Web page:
So for a couple hundred dollars, I was able to obtain the information necessary to give me the confidence to put an offer on the property.  It also gave me a valuable negotiating tool.  However, there was still an element of chance involved because the five-foot contours are not accepted by the township when submitting an application for a building permit.  So once the offer was accepted, I had to have the lot surveyed with two-foot contours (another $1,800).    Fortunately, the survey confirmed, and didn’t materially change, the GIS data.


April 30 2012 – Insulated Concrete Forms

Shortly after our visit to Superior Walls, I reached out to a local foundation contractor that is known to have experience with Insulated Concrete Forms.  He provided one more interesting perspective on the foundation issue; another illustration of why the multitude of decisions in a project like this are so difficult to sort out.  He said he’s used ICFs for seven or eight years, and he estimated that using ICFs would result in a cost premium of 10%-15% over conventional poured concrete; certainly do-able in our project.  He said that there are over 40 different brands of ICFs, and that he uses Amvic ICFs.  However, the most interesting part of the conversation was his perspective on Superior Walls.  Not surprisingly (considering that he was talking about his competition), he was very negative on Superior Walls, and expressed concern with regard to their acceptance as a foundation alternative.  He mentioned the thermal break issue.  He had concerns with the lack of footings and what he called the “brittleness” of the wall structure.  And he claimed to have pictures of multiple Superior Wall failures.  At any rate, he said that he’d be happy to provide a quote for ICF and/or poured concrete if we send him a pdf file of the plans.

My architect followed up by sending him the necessary information, and the quote came back at just under $25,500 (ICF Quote).  That was quite a bit more than I had expected.  But there are a few things to keep in mind.

First, as my architect pointed out, unlike the $10,500 estimate for poured concrete, the insulation (generally 5″ of foam) is an integral part of the ICF package, and the interior is ready for drywall.  No framing is necessary.

Second, the quote was for an ICF wall with an 8″ core.  I’ve since been told (although I can’t confirm that it’s true) that 8″ ICF’s are atypical in residential home construction; virtually all residential builds (that use ICF foundations) us ICF’s with a 6″ core.  Having said that, I do know that the up-charge for an 8″ system over a 6″ system in my house is less than $1,800.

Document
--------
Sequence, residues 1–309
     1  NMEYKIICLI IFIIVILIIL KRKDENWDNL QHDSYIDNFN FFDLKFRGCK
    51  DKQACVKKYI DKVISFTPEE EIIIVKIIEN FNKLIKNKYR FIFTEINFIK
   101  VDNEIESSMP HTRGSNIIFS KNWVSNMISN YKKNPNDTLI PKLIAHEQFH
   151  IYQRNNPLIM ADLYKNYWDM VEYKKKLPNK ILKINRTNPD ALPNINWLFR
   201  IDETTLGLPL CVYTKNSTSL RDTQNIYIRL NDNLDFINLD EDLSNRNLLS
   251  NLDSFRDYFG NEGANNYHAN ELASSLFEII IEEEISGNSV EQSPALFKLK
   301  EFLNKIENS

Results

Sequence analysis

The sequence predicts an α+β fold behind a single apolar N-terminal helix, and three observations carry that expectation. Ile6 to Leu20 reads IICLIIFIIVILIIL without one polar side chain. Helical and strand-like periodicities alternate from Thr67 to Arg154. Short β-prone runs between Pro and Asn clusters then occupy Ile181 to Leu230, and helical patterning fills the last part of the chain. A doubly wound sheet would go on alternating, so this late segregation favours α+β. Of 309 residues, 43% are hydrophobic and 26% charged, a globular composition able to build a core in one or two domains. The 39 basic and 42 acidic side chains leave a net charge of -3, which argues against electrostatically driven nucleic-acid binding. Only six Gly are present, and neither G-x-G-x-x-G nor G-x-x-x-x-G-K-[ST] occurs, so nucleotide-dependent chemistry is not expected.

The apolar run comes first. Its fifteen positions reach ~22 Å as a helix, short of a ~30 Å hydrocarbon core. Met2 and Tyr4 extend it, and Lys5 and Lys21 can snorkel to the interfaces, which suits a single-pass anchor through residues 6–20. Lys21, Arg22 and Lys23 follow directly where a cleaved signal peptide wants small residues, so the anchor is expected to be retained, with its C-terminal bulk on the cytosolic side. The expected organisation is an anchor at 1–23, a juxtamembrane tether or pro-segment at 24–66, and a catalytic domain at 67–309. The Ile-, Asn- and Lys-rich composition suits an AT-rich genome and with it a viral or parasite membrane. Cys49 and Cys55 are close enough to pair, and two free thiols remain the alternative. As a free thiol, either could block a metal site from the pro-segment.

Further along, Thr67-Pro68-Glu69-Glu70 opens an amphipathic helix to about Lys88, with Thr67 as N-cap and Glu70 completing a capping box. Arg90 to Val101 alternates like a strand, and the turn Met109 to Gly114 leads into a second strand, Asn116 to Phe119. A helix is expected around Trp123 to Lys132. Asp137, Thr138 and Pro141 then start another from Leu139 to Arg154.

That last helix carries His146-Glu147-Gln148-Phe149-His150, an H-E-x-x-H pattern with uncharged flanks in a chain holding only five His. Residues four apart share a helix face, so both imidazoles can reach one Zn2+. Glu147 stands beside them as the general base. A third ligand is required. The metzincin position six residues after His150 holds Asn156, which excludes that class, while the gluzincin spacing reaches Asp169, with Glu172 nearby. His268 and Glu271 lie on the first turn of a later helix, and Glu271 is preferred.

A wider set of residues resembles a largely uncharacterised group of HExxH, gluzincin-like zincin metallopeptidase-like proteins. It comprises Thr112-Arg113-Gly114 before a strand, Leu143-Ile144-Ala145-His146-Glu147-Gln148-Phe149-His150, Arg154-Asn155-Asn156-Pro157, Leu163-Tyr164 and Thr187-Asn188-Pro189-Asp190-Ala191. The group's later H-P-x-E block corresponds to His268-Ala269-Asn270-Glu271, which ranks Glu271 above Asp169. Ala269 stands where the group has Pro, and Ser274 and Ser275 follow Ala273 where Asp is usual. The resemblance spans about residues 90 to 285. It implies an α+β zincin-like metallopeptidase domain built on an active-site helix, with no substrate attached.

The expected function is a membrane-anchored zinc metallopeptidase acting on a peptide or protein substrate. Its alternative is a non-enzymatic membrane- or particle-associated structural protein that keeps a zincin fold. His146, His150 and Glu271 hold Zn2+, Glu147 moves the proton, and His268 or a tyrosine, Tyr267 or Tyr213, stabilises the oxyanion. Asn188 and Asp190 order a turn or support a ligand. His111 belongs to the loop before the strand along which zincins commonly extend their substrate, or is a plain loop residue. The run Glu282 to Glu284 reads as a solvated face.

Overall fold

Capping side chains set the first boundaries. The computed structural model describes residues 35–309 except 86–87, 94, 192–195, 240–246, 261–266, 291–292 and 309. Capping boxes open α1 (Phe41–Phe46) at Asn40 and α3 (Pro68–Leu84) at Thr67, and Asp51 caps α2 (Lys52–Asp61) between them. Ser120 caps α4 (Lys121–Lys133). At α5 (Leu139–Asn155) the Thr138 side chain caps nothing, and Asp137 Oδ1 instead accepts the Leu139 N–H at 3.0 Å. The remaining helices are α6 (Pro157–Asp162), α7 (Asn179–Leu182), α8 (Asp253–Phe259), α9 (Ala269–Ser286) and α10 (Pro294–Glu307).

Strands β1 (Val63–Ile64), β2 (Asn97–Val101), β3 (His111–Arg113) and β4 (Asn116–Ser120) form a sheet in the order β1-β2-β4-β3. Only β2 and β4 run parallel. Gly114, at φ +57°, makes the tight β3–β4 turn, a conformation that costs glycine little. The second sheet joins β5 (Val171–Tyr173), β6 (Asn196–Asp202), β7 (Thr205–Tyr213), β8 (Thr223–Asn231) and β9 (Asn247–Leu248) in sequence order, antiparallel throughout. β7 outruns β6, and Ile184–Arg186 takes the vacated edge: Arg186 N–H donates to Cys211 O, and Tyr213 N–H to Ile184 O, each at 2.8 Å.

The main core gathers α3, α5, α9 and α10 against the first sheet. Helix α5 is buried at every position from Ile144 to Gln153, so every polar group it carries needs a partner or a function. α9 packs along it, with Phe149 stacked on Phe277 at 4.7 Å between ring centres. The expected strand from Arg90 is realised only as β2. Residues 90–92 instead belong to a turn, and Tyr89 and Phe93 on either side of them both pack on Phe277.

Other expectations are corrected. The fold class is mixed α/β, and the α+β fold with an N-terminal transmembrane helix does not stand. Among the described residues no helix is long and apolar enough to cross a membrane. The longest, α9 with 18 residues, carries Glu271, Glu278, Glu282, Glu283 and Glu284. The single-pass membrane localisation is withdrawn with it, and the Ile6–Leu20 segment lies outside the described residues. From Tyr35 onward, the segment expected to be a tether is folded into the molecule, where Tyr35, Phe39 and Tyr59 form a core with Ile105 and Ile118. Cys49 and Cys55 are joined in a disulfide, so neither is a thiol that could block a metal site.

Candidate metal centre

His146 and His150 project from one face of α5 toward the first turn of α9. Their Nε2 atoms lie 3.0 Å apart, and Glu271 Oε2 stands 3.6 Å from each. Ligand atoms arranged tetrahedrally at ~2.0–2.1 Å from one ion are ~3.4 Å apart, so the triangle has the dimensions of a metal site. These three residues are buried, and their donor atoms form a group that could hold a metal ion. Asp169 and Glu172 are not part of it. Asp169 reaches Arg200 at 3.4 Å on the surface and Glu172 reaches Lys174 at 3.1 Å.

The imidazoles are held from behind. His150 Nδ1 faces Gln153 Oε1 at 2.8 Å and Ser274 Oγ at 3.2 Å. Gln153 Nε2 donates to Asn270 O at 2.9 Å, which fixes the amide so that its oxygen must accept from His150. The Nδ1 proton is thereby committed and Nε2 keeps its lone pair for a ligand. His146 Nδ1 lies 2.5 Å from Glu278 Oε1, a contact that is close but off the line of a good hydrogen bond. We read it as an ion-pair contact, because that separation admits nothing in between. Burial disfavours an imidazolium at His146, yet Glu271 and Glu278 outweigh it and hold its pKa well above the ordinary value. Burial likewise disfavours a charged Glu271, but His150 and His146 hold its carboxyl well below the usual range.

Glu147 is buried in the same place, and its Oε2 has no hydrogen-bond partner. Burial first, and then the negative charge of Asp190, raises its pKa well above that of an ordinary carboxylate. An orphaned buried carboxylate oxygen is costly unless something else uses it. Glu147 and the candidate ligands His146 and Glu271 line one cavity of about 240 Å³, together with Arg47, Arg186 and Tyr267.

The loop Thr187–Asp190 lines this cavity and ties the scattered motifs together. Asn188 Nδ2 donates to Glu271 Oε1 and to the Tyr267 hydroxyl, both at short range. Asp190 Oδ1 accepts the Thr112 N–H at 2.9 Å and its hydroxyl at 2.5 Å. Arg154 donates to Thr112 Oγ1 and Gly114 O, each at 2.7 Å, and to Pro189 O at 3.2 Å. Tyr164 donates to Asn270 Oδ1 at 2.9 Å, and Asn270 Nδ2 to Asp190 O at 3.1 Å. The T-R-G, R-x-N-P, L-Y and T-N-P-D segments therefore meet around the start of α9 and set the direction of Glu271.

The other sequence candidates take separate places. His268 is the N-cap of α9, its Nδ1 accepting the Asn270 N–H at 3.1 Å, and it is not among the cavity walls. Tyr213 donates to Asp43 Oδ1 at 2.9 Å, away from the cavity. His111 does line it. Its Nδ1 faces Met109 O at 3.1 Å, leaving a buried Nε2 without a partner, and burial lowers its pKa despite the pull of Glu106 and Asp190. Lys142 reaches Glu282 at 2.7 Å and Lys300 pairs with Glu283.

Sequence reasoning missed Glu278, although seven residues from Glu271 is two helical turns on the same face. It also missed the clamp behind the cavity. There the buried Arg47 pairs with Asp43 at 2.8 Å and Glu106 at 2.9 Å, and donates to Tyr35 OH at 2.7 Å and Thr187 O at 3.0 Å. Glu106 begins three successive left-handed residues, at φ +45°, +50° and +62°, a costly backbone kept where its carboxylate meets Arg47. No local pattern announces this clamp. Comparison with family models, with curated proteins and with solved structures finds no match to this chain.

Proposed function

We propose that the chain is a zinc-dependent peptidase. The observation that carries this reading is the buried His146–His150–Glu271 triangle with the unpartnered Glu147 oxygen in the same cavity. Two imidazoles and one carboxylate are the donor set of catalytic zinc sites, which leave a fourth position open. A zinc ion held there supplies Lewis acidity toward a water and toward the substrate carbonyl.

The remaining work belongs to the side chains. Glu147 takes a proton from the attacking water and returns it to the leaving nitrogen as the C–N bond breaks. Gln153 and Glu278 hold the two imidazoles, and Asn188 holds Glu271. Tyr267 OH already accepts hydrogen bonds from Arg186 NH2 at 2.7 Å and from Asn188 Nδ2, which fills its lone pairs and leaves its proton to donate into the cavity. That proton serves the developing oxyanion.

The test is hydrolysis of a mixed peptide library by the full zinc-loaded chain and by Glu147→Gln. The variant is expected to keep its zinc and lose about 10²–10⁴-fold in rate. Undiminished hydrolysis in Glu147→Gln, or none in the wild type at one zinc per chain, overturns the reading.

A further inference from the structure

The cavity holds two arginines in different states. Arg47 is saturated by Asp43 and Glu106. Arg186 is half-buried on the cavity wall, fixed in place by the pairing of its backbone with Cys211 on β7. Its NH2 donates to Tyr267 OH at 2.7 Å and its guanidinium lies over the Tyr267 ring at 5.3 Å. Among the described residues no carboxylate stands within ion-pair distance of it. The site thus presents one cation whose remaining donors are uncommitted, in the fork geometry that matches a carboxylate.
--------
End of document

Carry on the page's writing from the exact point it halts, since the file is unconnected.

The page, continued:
Finally, at the time we asked for the quote, we were anticipating a “walk-out” basement.  So the quote included 38′ of “frost wall” (basically it would be along the entire length of the rear of the house), which added some to the cost.  That was not considered in either the Superior Walls quote or the poured concrete estimate.

So, after adjusting for those three items, the difference in cost between poured concrete and ICFs does narrow in a way that is not insignificant.  But ICFs still carry a material premium.


April 24 2012 – A Visit to Superior Walls

In late April 2012, my architect and I attended an open house at Weaver Precast, a manufacturer of Superior Walls.  I had contacted Weaver a couple of weeks prior, to get an estimate for the cost to use Superior Walls as an alternative to traditional poured concrete for the foundation (the house will have a 9′ basement).  Amazingly, they came back with an approximate price of $9,800 for the R 12.5  “Xi” wall system.  The estimate was amazing because it was less than the estimate of $10,500 for poured concrete (without any insulation or waterproofing) that was provided to me by the local builder who put together the formal estimate several weeks earlier.  The price quoted by Weaver was “delivered and installed.”  The excavation and a gravel base leveled to within 1 inch would be on me.  The Weaver crew would then come in, complete the leveling as necessary, and install the walls.  According to Weaver, no waterproofing is necessary.  The estimate was based on the following:

-Two-story farmhouse style single family residence, plus basement
-Basement walls to be 9 feet high
-28′ by 38′ four corner rectangle.  No bump-outs.
-Four basement windows; all less than 4 feet wide

I should also note that the house will be less than 50 miles from the factory.

The Weaver open house was put on for the purpose of introducing the newest Superior Wall system; the R 21.5 Xi+.  I asked for an estimate for that wall also, but they hadn’t yet finalized the pricing.

So at that point, Superior Wall appeared to offer a lot of value for the money.  On the other hand, my architect felt that it presented issues with regard to the thermal envelope.  And then there were the concerns about a foundation wall system that was precast, used no traditional footer system, and was bolted together with sealant between the joints.